And while hospitals can seem a lot like trenches sometimes, they are a far cry from the military operations taking place worlds away. Here, two military nurses share their stories, from the stress of coordinating care in a combat zone to dealing with prejudice and personal growth, all while caring for the men and women serving in the U.
Why did you choose nursing as a career? What motivated you to choose a healthcare profession after experiencing numerous difficulties with the health of your family?
How far through nursing school are you? What have you enjoyed most about being a nursing student? The thing I have enjoyed most about nursing is the hospital shadowing experience which allows me to see differences in the way individual nurses work.
Some nurses work similarly, and others vary greatly. What adversities did you experience growing up and how has it affected your journey as a person? I have experienced adversities from a young age. Before I was even one, my sister and I were placed in Child Haven, a shelter for abused and neglected children, due to our abusive dad and our mom who was a drug addict.
Thankfully, my maternal grandma and grandpa took us out of the shelter system. I kept in contact with my mom through the years, but my grandma and grandpa became my primary caregivers, and my sister went back to live with my mom.
When I was eight, my grandpa had a tragic accident at work and a week later my grandma had to pull the plug on his life support. Then when I was twelve, we got a call that my mom was brain dead from a drug overdose.
Again, my grandma had to make the decision to pull the plug on her life support.
After that, it was just my grandma and I until I turned My grandma hurt her back, which landed her in the hospital. She was doing well, and it seemed like she would recover after rehab.
While being transported to the rehab facility, she complained of chest pain and was brought to the hospital. She ended up coding and was resuscitated, but then intubated, and her health started to slowly deteriorate from that point on.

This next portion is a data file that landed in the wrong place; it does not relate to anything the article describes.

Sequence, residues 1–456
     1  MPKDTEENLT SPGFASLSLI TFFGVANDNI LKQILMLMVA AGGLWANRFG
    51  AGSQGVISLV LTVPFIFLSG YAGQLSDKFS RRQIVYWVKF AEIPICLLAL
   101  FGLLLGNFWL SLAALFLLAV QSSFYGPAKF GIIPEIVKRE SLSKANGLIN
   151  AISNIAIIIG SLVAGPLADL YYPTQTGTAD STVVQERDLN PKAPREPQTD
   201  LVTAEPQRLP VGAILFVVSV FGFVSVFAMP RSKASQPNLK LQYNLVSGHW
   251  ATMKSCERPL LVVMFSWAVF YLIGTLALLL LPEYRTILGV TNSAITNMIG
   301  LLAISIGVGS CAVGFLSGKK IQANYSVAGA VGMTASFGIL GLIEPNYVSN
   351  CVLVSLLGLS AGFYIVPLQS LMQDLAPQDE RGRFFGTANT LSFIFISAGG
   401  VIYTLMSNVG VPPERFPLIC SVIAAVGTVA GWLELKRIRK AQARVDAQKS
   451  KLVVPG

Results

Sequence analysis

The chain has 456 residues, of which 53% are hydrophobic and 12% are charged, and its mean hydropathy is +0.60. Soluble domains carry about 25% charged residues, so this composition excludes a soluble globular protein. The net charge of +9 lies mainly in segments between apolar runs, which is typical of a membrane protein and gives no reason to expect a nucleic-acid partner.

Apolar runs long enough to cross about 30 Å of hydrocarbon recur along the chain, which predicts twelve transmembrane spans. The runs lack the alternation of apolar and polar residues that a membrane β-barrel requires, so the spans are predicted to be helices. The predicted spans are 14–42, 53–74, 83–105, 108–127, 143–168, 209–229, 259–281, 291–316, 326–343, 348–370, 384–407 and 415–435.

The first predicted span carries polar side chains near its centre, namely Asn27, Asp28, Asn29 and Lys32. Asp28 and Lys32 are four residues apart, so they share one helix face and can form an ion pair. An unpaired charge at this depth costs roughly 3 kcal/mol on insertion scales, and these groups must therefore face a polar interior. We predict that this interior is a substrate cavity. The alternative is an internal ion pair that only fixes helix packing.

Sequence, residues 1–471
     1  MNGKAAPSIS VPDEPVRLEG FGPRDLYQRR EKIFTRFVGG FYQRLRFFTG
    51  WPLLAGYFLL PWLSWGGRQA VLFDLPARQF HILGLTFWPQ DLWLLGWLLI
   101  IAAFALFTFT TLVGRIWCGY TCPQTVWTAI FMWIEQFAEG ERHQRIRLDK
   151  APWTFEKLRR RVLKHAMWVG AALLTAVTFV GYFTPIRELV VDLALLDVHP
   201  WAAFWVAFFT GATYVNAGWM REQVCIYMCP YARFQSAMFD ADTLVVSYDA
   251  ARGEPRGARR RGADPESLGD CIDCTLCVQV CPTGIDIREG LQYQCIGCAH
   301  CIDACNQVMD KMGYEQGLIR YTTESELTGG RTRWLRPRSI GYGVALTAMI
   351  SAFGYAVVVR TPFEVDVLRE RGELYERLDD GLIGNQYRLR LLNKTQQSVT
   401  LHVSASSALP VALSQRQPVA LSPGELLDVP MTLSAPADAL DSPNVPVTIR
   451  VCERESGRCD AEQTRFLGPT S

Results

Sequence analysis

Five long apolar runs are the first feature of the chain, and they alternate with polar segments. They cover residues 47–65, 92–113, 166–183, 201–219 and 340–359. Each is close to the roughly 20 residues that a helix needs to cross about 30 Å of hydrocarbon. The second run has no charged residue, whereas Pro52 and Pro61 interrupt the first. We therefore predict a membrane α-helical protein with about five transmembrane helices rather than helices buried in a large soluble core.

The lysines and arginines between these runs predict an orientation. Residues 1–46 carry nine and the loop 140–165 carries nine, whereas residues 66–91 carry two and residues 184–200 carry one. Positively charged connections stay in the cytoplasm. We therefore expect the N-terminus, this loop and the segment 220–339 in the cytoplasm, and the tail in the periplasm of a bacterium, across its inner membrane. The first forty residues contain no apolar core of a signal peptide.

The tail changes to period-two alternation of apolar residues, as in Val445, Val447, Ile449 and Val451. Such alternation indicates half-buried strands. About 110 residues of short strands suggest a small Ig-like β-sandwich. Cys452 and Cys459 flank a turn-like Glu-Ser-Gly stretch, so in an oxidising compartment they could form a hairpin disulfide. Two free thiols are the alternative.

After a week, the nurse called me and said I needed to come to the hospital right away. My grandma was refusing treatment. The nurse explained to her that if she refused treatment, she would die, and my grandma responded by nodding her head.
As her Power of Attorney, I decided to honor her wish and stop all treatment. Within 10 minutes of stopping life support, her heart stopped, and she died. This completely changed me as a person. I failed all of the nursing prerequisites I was taking at the time and my life was basically put on hold.That’s exactly why choosing a career is so challenging.
It’s not like you can just spend a few years in school, try out a job for a bit and jump to another if you don’t like it—well, at least not without more education and training.
These memories are forever etched in the memories of my heart. The rewards of being a nurse are. Why I Love Being a Nurse May 9, | Blog, Health & Wellness In celebration of National Nurses Week, we wanted to share with you what some of your fellow nurses love about the chosen field.
These inspiring words come from Jennifer Morris a pediatric nurse herself at Lutheran General advocate children's hospital in Park Ridge Illin It looks like you've lost connection to our server. Please check your internet connection or reload this page. A single nursing career path doesn't exist because there isn't just one way to become a registered nurse.
Once you become a nurse, the path you take depends entirely on what you want to .
Here at yunusemremert.com, we had the opportunity to speak to Leah about why she fights to empower others and how her own adversities influence her journey to become a nurse.
Images via @yunusemremert.com BH: Why did you choose nursing as a career? My 30+ year nursing career has been an incredible journey — a personal journey of discovering who I am and what I am capable of doing, and a professional journey through the healthcare system that revealed how many different ways and places there are to use my skills and talents as a nurse.
My career took a nontraditional turn about 5 years into it.